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Biofuel certification

March 5, 2010

Germany is the first EU member state to approve a certification scheme for sustainable biomass production. But critics say the regulations leave some problems unresolved.

jatropha seeds
The seeds of the jatropha plant can be processed into biofuelImage: DW/ Martin Vogl

Germany's first certification system for biofuels has been launched in a bid to ensure that they don't end up doing the kind of harm to the environment that they are supposed to prevent.

In future, suppliers of oils derived from rapeseed, palm or soya can have their product certified by a new Cologne-based institution: the International Sustainability and Carbon Certification (ISCC).

From July 2010, German companies must prove the sustainability of their biofuels in order to qualify for tax deductions, or to have their products counted towards nationally mandated renewable energy targets.

"It has a clear impact on the profitability of these companies," Jan Henke from the ISCC told Deutsche Welle.

ISCC is the first scheme to be approved by the German Federal Agency for Agriculture and Food (BLE). The system follows a two-year pilot phase, which brought together partners from Europe, Asia and South America.

It cooperates with other certification authorities, such as the Technical Inspection Agency, which audits the biofuel industry from the beginning to the end of its supply chain.

The ISCC will soon be facing competition, too.

Leading agrarian and biofuel associations founded a separate certification system last week called REDcert.

One of REDcert's founders, an umbrella group of agricultural cooperatives called the German Raiffeisen Association (DRV), says it will apply for official approval in the coming weeks, and expects to begin operations at the end of April.

The two certification bodies will play a vital role in ensuring that biofuels make a credible contribution to the EU's goal of deriving a fifth of its energy from renewable sources by 2020.

Sustaining natural habitats

deforestation in Sumatra
This marsh in Sumatra was stripped to make room for palm oil plantationsImage: cc/ H Dragon

German environmental associations, such as WWF and NABU, have welcomed the systems, but have also expressed concerns.

"We fear that the minimum criteria stipulated by the EU are quite weak," NABU's Dietmar Oeliger said.

The EU's renewable energy directive (RED) requires biofuels to reduce greenhouse gas emissions by 35 percent, compared to fossil fuels.

"It's not that difficult to adhere to the 35-percent reduction guideline," Oeliger said, and it's not his only worry.

The certification procedure applies both to those biofuels procured within the EU as well as imported biomass from outside the bloc.

The EU requirements aim to ensure that biomass, for example palm oil, is not produced at the expense of valuable natural habitats in producer countries. These include rainforests, biodiversity hotspots or wetlands.

In countries such as Paraguay, Indonesia and Malaysia, large areas of tropical rainforest have been cut down to grow palm oil.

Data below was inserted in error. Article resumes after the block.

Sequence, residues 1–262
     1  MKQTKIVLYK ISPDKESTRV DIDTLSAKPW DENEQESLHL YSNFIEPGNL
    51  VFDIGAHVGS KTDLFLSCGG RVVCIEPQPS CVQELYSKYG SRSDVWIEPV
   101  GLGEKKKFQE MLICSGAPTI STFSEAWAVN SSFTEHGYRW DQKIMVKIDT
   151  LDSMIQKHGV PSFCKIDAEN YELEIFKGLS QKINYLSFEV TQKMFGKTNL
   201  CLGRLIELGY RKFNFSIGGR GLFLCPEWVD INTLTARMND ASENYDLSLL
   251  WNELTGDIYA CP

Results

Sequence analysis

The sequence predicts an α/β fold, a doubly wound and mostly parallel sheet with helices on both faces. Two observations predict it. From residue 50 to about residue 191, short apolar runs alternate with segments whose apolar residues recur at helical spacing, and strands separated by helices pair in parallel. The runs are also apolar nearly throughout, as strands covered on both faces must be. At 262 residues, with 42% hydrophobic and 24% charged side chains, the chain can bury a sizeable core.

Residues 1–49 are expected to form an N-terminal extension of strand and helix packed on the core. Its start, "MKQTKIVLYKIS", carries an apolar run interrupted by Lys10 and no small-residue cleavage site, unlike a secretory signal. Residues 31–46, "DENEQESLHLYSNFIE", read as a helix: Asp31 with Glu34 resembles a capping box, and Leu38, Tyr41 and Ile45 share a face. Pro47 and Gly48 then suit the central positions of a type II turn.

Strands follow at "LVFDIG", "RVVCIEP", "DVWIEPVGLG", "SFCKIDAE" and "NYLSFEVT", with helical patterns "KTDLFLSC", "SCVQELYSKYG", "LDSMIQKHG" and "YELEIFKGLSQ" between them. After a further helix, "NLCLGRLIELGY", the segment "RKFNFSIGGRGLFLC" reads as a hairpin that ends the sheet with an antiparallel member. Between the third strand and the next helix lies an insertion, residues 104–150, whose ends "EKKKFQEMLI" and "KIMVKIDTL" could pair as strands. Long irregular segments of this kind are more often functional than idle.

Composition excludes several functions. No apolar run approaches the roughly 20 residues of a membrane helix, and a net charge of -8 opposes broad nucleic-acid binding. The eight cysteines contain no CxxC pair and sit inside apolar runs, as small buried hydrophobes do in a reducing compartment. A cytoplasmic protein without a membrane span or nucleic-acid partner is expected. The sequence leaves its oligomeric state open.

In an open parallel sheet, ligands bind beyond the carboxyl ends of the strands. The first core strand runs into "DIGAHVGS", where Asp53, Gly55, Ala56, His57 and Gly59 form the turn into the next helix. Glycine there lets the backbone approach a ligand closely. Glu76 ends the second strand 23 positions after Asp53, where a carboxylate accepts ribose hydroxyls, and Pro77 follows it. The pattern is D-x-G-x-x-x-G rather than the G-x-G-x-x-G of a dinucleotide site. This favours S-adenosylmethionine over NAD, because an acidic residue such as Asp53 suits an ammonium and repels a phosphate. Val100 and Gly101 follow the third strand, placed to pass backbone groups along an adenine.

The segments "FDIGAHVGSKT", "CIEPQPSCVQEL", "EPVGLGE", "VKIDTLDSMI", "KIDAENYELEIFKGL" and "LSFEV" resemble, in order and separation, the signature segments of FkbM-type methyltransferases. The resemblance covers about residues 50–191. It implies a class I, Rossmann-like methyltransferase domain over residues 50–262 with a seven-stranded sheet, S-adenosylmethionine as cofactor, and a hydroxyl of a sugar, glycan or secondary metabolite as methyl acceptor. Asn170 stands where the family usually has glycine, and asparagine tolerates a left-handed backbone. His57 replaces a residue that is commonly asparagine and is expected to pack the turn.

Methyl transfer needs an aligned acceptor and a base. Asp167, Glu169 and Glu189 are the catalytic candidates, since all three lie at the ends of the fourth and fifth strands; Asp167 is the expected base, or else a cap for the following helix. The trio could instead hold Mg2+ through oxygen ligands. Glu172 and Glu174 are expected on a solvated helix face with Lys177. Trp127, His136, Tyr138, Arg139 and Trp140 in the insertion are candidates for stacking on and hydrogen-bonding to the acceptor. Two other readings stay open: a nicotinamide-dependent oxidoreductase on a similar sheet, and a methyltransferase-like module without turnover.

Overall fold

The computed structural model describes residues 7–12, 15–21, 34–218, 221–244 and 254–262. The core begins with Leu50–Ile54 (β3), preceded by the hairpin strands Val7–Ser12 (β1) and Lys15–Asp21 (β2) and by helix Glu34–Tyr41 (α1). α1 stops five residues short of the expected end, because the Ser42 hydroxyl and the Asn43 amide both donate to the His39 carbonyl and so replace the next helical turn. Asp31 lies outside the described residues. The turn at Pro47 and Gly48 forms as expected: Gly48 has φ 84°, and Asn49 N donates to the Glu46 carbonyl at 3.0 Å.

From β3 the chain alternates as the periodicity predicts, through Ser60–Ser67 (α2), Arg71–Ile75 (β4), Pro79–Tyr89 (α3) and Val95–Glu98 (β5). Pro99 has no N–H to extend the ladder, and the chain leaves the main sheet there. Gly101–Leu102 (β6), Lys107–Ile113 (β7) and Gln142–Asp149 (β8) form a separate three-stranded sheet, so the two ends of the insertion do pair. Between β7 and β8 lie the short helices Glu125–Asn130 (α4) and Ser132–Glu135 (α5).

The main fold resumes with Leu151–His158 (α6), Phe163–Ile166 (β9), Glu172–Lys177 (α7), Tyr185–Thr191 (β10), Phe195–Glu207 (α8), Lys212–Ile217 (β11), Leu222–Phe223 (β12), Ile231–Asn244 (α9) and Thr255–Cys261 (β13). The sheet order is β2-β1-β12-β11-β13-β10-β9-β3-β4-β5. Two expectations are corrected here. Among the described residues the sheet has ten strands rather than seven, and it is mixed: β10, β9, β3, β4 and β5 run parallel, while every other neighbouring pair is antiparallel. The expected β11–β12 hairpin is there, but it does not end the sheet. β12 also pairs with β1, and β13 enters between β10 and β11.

Grit Ludwig, a research fellow at the Helmholtz Center for Environmental Research (UFZ) in Leipzig, said the EU directive still does too little to safeguard natural habitats.

"It does not offer any guidelines when the land used for biomass production was previously used in another manner," Ludwig said in a UFZ article published earlier this week.

Biomass products could thus displace food cultivation to ecologically valuable areas – resulting in net damage to the environment, and an increase in the emissions that biofuels are supposed to eliminate.

Effective controls

A woman rides a bike through a rapeseed field
Rapeseed is a significant source of biomass in GermanyImage: picture-alliance/ dpa

Since Germany cannot produce enough biomass on its own, imports are necessary - mainly from developing nations. This is a particular challenge since all aspects of the chain need approval for the certification.

According to Henke from the ISCC, the agencies that work with the scheme have people on-the-scene who carry out the necessary controls, but Ludwig says this isn't always the case.

"Private organizations are commissioned to certify and they are generally not on-site. Their controls can therefore only take place sporadically," Ludwig said. "It's questionable, for example, whether an evaluator can visit a widespread farm in a developing country for just a few days and review whether it is adhering to all the criteria."

In practice, this will be a key factor to measure the various schemes' effectiveness.

"Every standard is only as good as its controls," NABU's Oeliger said.

A further bone of contention among critics is the issue of social standards.

"These are weak in the EU directive," Oeliger said.

Henke said the ISCC has implemented higher standards than required, including norms for working hours, anti-discriminatory practices and child labor.

"It doesn't require a large amount of additional efforts to include these in our work," Henke said.

REDcert, on the other hand, is restricting it self to the letter of the law, and is tight lipped about embracing social standards.

"We will be focusing on implementing the legal specifications," said Guido Seedler from the DRV.

For companies and certification authorities, time is running out. Certification has to take place by July 1, 2010. According to Seedler some 2,000 to 2,500 companies need to be processed.

Henke said it would be "challenging" to complete certification by July, but that many companies were prepared.

Author: Sabina Casagrande
Editor: Nathan Witkop